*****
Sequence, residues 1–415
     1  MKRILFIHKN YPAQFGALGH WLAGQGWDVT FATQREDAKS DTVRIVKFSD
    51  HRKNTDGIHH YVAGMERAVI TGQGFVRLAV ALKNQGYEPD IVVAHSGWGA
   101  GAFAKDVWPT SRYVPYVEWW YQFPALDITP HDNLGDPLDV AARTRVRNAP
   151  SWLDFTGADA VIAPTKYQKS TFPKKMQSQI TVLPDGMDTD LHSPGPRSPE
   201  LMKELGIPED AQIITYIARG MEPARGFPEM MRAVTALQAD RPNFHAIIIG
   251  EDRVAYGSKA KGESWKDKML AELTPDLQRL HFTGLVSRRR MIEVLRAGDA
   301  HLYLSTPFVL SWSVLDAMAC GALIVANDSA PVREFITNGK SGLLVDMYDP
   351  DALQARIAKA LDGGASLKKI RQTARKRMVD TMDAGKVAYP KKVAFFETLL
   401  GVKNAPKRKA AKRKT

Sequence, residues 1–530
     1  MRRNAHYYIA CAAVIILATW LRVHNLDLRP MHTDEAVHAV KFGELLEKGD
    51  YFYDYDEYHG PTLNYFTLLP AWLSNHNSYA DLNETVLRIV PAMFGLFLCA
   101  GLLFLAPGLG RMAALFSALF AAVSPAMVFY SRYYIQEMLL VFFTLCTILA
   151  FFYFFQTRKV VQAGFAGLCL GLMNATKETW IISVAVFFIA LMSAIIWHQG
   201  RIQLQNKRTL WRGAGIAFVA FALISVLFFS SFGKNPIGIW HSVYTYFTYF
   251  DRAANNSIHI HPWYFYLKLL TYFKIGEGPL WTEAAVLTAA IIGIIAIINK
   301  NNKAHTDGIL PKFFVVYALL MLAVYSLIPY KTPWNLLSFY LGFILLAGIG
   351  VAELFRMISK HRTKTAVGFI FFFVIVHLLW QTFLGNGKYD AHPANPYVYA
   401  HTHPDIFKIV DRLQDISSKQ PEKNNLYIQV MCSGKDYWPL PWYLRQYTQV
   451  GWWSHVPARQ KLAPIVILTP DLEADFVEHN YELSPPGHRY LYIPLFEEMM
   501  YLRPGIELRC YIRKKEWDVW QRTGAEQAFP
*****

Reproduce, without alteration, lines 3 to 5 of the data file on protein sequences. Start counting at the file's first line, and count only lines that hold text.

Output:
    51  HRKNTDGIHH YVAGMERAVI TGQGFVRLAV ALKNQGYEPD IVVAHSGWGA
   101  GAFAKDVWPT SRYVPYVEWW YQFPALDITP HDNLGDPLDV AARTRVRNAP
   151  SWLDFTGADA VIAPTKYQKS TFPKKMQSQI TVLPDGMDTD LHSPGPRSPE